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When I was in the second grade, my teacher let me skip spelling every day to work on my first novel. Nestled in beanbags in the classroom loft, my lined paper fastened to a clipboard, I filled page after page with my neat printing and wild, adventurous stories. Below me, my classmates copied rows of words from the blackboard, my teacher spelling each one aloud. I listened as I wrote, filled with equal parts glee and guilt. Shouldn't I be learning to spell? Why didn't my teacher think so?
Twenty years later, as I snuck into my office to write The Language of Flowers -- my two babies asleep in their cribs, my teenagers in school and my husband at work -- I felt a similar combination of emotions. Outside my office door, laundry accumulated in piles. Dinner waited to be cooked. Yet the pure joy of opening my manuscript drew me in every time, and I wrote until the very minute my babies awoke.
Why did I feel so compelled to write? My husband was the principal of an urban high school at the time, and his work was so concrete and so inarguably important. I, on the other hand, spent my time writing stories about people that do not exist, living in a world that was real only to me.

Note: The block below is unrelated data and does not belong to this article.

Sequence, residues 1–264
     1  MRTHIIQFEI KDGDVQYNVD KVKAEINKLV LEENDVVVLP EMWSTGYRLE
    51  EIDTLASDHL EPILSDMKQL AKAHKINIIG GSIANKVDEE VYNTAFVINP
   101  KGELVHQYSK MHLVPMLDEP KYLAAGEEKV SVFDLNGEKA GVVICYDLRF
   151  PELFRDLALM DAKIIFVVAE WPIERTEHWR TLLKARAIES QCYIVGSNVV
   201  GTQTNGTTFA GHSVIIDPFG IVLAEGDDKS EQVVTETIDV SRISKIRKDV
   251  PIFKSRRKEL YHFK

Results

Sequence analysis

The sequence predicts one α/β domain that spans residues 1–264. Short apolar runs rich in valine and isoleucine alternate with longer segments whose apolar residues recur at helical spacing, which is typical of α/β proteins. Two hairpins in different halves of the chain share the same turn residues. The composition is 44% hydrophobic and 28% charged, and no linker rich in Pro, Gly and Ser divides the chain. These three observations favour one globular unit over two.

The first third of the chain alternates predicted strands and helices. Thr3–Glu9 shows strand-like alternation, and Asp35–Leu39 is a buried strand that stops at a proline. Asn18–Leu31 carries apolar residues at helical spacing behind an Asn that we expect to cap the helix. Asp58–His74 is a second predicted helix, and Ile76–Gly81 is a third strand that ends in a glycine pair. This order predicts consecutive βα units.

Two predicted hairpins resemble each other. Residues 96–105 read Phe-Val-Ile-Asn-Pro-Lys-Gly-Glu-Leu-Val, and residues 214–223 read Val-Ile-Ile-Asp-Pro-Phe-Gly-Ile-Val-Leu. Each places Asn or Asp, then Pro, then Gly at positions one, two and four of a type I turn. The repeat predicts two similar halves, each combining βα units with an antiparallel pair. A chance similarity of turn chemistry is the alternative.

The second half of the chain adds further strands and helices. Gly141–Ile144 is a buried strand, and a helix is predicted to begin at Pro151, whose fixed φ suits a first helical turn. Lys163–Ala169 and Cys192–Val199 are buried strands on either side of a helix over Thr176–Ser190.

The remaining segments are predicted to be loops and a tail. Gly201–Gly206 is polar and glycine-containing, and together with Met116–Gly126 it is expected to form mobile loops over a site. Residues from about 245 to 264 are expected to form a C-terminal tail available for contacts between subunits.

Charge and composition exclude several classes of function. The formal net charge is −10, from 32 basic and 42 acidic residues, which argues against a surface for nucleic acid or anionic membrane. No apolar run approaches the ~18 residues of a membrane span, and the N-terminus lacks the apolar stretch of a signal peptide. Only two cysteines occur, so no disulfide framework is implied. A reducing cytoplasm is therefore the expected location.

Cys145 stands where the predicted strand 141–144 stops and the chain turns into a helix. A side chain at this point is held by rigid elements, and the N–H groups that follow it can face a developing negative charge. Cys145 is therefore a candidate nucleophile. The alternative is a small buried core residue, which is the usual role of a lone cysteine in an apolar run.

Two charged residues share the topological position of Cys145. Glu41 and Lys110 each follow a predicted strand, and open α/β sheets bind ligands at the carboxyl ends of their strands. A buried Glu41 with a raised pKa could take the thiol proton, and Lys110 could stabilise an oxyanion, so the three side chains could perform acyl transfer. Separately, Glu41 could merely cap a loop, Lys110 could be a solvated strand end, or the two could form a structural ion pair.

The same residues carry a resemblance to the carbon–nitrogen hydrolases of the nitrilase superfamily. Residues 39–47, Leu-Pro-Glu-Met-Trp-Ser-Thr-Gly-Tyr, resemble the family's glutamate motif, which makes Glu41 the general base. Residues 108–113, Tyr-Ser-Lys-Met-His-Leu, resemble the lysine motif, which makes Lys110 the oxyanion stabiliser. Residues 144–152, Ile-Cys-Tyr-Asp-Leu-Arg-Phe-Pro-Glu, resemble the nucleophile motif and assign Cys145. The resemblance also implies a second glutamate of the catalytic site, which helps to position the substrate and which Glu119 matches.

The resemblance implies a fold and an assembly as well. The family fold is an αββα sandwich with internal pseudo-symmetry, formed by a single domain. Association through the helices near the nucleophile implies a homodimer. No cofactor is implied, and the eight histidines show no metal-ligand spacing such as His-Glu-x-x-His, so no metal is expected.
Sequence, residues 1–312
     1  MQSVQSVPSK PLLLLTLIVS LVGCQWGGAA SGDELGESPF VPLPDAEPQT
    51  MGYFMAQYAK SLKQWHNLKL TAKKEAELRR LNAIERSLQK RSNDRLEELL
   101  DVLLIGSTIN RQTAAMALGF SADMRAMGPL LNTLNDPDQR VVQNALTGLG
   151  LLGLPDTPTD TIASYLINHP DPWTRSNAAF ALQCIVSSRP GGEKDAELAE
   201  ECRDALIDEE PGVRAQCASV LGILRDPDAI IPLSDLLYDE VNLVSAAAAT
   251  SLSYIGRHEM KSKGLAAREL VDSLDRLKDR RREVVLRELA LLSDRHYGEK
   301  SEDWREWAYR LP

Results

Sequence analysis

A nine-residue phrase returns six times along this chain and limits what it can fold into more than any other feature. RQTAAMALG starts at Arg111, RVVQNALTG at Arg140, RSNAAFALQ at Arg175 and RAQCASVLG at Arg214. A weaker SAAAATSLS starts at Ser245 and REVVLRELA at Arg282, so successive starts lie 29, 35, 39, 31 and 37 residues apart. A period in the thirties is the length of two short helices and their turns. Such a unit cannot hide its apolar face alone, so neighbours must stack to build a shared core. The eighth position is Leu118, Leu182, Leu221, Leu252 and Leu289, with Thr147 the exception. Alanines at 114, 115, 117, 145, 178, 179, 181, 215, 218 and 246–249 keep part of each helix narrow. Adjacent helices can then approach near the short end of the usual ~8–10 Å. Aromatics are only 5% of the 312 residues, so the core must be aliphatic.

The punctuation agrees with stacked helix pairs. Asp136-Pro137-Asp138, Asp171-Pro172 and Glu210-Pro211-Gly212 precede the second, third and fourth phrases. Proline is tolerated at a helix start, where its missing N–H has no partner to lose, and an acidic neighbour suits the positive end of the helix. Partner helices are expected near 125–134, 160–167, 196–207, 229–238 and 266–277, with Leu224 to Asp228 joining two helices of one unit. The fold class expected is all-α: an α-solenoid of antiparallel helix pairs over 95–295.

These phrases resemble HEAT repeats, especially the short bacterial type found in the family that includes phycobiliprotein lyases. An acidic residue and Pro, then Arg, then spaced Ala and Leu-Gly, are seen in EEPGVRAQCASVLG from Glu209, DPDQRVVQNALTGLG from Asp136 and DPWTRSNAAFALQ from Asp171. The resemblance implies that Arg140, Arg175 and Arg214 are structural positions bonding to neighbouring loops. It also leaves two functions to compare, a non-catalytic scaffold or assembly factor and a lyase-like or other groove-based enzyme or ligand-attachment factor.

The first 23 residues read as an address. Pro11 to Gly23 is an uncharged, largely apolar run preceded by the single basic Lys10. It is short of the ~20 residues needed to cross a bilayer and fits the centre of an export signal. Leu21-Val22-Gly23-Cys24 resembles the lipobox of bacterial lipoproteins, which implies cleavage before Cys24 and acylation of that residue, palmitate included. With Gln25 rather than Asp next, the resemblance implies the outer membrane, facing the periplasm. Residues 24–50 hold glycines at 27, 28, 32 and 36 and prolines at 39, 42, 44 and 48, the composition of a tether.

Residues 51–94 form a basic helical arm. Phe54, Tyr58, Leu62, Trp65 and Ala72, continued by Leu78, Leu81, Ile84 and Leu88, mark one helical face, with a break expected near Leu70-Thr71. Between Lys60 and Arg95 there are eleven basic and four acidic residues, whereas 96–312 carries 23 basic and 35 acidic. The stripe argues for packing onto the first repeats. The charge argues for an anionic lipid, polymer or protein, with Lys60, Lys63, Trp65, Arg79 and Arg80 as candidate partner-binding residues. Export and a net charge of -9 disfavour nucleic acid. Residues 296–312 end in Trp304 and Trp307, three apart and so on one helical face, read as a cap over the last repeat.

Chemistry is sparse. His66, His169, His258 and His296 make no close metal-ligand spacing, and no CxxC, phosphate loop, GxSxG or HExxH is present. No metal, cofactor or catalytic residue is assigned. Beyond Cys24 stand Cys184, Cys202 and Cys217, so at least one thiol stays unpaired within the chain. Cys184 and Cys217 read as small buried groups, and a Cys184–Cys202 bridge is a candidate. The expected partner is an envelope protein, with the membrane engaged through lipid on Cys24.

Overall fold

But my husband encouraged me in moments of doubt, and I was able to finish my novel. And then a very unexpected thing happened -- I found a literary agent and sold the rights in 40 countries! Since then I have been blessed to travel around the country and around the world, interacting with readers who have been touched in some way by the story of Victoria Jones, a young woman emancipating from the foster care system who has learned to communicate through the forgotten language of flowers.
And this is what I have learned?what you, indeed, have taught me. Stories are powerful. A good story doesn't just entertain, it remains with you in a way that little else does. It lingers. The content and emotions beg to be examined and discussed. In my travels I've been invited into readers' living rooms to talk about flowers and foster care, falling in love and being afraid, and falling in love even though you're afraid. These have been some of the deepest, most heartfelt conversations I've ever had, and I have the utmost respect for my readers who have taken this journey with Victoria and learned something about themselves along the way.
It was my second grade teacher that planted the seed that writing stories is important -- very important. And it has been my readers everywhere that have helped me understand that it is true. Thank you for that. It's what keeps me going every day.
I hope you enjoy my book.
P.S. My readers have also inspired me to co-found a national nonprofit that invites concerned citizens around the country to join together to solve the "aging out" issue in foster care. We will launch soon! Sign up to join the movement at